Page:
By negotiating the bipartisan infrastructure bill, Republican Sens. Susan collins and Rob portman argue that electric vehicles should be taxed equivalent to what other vehicles pay to maintain the infrastructure on which we run. As Collins Put the, electric vehicle drivers are “literally stowaways because they pay no gasoline tax”. Democrats should realize that these Republicans are right.
But are they? Indeed, four arguments oppose their tax. The use of electric vehicles fights climate change. As temperatures repeatedly break records, this “Ford-F150 tax,” as White House press secretary Jen Psaki cleverly spelled it out, looks like a madman-engineered deterrent. Second, why attack an infant industry?
But when Republicans go out of their way to propose higher taxes – on American manufacturing, no less – Democrats should check their own political blind spots. Collins is not predatory but prescient. Electric vehicles can have a 3 percent market share today, but they are the future. When auto giants like Ford and General Motors invest billions in the manufacture of electric vehicles and commit to ditching the very vehicles that have generated their profits for more than a century, the transition will not be slowed down by a usage tax.
Senator Bernie Sanders objects that a tax on electric vehicles is regressive. But today it would be a wealth tax because EV owners are, for the most part, wealthier. Part of the reason is that EVs are so new that the second-hand market is tiny, and because some manufacturers initially build more expensive models to capture the larger profits that well-heeled customers will pay. . While this is a side effect Collins surely did not anticipate, those who favor the distribution of wealth should defend his proposal. We could even settle his complaint: electric vehicle owners are wealthy free riders.
Still, as the adoption of electric vehicles spreads, Sanders could possibly be right: an electric vehicle tax could become regressive. But he could applaud it; the Scandinavian countries he touts as models all have gasoline taxes. If Sanders wants to revive “our revolution”, as he calls his mission, he could advocate for a higher tax on luxury models. While today’s gasoline tax is flat, an electric vehicle tax doesn’t have to be regressive.
In addition, there is an urgent need to adopt a version of the Collins-Portman tax proposal. Many people are hoping that electric vehicles will completely replace their fossil fuel-starving parents. But these gourmets contribute a little $ 36 billion to the financing of infrastructure each year. As gasoline-powered vehicles are phased out, the taxation of electric vehicles will become an increasingly vital source of funding. To oppose a tax on electric vehicles is to involuntarily plead for the financing of infrastructure. It is a position that all Democrats and most Republicans oppose.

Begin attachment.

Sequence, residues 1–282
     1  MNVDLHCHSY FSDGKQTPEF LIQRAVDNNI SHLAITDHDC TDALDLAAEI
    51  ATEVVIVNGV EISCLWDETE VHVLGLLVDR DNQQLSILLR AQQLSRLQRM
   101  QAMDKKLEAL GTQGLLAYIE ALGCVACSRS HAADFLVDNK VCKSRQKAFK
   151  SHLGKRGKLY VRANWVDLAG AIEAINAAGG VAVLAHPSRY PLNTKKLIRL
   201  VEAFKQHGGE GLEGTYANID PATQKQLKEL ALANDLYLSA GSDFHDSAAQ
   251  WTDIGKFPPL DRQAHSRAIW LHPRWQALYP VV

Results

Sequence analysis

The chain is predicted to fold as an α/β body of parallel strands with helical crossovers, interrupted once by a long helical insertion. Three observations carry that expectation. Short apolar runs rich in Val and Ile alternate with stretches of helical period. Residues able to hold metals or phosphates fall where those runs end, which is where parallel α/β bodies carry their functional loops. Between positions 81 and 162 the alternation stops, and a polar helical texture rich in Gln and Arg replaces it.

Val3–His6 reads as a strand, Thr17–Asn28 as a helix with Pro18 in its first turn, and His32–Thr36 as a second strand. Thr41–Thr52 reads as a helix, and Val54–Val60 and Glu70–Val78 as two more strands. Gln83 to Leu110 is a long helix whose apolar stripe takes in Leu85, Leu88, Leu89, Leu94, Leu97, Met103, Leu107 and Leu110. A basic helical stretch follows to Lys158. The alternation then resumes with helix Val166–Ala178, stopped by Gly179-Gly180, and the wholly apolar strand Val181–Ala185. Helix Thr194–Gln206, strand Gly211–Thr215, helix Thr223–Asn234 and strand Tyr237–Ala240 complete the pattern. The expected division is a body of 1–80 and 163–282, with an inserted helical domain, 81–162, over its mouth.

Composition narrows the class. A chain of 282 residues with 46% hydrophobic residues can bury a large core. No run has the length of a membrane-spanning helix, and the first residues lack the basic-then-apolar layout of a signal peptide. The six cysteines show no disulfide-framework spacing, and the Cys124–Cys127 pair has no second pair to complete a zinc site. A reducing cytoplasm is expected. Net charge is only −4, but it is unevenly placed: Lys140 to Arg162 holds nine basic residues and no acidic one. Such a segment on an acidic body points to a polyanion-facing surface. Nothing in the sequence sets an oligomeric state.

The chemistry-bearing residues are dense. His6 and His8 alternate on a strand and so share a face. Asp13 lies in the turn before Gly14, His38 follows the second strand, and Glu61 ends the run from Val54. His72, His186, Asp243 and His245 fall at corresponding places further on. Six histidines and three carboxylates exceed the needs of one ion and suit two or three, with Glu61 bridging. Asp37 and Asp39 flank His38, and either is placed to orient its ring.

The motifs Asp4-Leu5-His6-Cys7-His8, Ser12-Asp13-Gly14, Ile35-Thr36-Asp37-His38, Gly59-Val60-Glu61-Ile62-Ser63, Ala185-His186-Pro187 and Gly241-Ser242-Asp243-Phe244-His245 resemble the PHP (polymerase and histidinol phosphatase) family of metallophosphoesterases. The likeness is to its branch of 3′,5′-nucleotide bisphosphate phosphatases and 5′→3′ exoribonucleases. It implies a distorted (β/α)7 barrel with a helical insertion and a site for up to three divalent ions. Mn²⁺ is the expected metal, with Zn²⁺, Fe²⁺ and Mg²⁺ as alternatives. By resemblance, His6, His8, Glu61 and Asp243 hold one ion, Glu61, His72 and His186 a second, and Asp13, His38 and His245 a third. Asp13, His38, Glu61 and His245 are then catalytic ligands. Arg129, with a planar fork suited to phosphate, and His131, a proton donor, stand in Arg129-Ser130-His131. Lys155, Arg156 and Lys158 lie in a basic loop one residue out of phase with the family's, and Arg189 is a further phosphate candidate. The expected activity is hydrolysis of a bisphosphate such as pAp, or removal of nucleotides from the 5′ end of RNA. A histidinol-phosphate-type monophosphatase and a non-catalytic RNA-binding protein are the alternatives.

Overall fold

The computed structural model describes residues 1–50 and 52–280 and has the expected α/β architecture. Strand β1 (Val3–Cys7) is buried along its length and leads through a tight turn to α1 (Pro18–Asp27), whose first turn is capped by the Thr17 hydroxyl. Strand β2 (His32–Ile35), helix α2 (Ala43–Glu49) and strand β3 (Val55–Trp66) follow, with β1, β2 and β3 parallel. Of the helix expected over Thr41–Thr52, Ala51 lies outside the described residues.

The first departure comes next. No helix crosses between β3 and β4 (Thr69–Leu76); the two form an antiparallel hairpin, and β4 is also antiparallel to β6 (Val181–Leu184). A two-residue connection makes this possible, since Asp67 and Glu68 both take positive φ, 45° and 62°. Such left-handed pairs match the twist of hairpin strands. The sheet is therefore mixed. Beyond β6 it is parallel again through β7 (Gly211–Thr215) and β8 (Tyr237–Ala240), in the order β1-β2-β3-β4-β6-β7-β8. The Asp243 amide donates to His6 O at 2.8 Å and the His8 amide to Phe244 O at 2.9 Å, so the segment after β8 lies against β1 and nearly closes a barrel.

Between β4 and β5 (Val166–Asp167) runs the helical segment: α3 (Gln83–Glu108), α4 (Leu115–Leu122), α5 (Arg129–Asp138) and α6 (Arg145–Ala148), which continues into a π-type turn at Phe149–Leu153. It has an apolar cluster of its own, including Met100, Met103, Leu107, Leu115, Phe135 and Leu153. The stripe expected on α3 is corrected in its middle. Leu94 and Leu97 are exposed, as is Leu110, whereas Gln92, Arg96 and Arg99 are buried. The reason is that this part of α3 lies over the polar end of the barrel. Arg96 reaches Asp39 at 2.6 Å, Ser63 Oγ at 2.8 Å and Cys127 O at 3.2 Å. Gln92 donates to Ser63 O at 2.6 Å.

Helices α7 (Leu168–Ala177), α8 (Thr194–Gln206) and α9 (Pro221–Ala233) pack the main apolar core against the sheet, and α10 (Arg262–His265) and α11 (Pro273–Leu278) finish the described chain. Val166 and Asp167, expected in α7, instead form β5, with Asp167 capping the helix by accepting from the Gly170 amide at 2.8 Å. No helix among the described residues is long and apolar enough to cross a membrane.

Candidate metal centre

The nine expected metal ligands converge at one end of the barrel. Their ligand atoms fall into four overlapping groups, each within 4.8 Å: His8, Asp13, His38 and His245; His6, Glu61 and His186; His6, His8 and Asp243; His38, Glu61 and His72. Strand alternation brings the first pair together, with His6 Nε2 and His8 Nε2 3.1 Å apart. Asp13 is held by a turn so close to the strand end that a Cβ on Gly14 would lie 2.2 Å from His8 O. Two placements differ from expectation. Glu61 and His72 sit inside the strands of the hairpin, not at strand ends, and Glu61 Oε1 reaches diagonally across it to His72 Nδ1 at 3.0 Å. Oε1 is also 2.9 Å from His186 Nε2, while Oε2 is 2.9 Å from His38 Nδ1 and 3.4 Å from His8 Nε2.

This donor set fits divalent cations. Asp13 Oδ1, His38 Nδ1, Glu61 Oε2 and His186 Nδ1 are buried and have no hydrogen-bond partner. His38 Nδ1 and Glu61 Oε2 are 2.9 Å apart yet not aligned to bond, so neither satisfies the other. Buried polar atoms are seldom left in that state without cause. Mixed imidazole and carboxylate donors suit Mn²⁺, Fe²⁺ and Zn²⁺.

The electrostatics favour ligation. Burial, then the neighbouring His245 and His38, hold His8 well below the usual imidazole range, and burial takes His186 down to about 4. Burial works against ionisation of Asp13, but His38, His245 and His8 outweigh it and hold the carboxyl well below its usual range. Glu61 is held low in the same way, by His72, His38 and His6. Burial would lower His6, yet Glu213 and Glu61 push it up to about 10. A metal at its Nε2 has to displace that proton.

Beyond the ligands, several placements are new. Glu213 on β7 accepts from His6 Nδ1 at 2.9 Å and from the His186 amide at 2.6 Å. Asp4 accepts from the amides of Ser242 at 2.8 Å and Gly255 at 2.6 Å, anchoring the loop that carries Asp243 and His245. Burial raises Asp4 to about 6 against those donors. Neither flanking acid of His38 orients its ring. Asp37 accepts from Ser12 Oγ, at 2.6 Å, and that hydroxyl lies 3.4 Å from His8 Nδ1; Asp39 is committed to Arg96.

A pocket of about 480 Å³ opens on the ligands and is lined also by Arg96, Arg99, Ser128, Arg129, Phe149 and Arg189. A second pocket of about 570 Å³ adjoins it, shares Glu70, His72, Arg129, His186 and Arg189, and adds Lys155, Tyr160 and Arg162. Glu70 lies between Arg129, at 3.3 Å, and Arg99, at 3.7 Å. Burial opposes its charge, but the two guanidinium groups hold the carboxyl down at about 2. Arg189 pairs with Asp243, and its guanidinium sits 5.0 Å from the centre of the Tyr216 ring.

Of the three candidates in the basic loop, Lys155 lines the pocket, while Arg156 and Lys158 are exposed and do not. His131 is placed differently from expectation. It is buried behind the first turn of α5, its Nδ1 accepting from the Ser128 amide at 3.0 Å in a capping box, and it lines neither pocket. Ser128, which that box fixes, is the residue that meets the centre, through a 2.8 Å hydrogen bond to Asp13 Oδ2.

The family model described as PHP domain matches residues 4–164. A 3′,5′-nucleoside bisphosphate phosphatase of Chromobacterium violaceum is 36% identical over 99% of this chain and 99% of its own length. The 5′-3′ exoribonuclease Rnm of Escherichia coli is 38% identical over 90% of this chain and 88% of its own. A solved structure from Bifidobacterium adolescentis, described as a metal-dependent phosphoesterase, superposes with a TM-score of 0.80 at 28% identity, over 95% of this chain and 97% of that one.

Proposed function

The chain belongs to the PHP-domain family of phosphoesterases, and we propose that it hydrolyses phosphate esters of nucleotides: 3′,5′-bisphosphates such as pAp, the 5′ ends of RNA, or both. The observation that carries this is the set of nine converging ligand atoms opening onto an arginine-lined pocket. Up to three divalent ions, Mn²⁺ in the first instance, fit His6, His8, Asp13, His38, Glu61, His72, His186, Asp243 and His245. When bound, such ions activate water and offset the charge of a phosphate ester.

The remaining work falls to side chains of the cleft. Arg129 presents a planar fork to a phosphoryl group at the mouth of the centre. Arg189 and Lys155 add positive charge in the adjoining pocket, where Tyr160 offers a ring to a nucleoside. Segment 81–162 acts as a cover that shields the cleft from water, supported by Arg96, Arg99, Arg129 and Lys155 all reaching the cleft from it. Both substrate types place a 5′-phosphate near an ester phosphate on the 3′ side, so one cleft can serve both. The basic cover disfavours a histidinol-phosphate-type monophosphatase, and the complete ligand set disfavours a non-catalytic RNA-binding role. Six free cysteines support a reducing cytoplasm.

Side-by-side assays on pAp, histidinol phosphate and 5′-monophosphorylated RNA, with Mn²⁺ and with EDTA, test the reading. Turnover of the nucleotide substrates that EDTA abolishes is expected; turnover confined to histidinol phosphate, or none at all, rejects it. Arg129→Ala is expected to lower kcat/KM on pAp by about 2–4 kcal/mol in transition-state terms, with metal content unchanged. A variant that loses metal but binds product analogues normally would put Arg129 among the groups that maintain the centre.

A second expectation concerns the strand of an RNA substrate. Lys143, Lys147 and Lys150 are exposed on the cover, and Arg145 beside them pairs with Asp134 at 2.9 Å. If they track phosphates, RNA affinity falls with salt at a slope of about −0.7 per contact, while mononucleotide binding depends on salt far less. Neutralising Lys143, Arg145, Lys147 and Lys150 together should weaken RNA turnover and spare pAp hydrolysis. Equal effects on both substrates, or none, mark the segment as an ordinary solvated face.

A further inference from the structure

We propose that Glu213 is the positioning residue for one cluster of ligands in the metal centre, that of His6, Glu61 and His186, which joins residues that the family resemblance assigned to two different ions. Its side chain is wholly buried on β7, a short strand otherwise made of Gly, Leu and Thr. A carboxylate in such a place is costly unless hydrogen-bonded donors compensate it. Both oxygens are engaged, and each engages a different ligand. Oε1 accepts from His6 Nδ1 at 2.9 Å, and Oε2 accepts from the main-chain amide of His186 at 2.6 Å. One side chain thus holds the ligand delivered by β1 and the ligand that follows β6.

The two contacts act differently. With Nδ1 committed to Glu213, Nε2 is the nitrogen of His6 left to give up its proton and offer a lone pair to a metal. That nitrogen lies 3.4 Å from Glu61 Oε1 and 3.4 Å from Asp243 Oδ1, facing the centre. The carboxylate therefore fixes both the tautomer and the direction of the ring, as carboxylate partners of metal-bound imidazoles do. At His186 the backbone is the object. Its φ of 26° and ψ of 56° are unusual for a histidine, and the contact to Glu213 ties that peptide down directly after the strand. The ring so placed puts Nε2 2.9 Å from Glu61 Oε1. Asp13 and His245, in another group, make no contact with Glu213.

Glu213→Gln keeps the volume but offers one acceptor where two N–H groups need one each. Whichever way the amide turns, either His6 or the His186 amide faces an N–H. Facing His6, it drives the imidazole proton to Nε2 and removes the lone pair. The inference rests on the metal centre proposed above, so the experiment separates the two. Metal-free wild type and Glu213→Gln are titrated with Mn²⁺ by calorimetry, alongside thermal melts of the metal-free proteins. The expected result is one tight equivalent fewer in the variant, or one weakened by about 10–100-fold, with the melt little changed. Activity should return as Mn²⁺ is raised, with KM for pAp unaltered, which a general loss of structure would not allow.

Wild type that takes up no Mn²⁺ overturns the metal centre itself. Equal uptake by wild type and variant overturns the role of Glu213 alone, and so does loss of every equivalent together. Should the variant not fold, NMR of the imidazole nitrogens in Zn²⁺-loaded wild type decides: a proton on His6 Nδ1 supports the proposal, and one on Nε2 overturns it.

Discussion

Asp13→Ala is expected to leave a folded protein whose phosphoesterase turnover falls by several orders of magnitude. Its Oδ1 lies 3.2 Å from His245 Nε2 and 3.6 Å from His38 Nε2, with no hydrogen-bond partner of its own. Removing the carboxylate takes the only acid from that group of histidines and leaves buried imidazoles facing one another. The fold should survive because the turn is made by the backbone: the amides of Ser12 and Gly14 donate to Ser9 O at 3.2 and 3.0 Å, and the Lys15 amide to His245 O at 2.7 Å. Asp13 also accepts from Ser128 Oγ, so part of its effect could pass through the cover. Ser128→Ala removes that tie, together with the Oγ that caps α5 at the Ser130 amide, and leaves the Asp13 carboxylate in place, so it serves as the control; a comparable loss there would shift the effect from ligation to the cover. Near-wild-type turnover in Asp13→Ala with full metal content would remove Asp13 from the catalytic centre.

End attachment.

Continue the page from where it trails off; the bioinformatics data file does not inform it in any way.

Senator Collins wants to reduce the charging network in the infrastructure bill, to suggest instead we finance electric buses. When a Republican senator advocates spending on public transportation, I sense a bipartisan agreement.
And yet, while an electric vehicle tax won’t discourage adoption, hurt industry, and doesn’t have to be regressive, a fourth objection remains. President Biden has pledged not to raise taxes for anyone earning less than $ 400,000 a year, and he believes the proposal of the Republican senators breaks its promise. But red lines attract trouble.
Biden needs to avoid ridiculing the proposal as a tax on sin and instead upgrade its syntax. He could defend the Collins-Portman idea by arguing that far from being a tax hike, it just plugs a loophole. Owners of electric vehicles should not escape the costs long assumed to be borne by every driver. Biden can deflect the inevitable attack that he breaks his campaign promise by saying he embraces Republican-initiated funding for the sake of bipartisanship and rebuilding for the better.
Finally, paying taxes creates a commitment. Just as those who pay Social Security taxes demand their benefits, electric vehicle owners will also be demanding. “OK, we’re paying our EV tax, now where’s our charging network?” Where is our smart grid? Where are the solar panels and wind turbines to power our future? A levy replacing the gasoline tax will create rights for owners of electric vehicles of all classes – and do us all a blessing.
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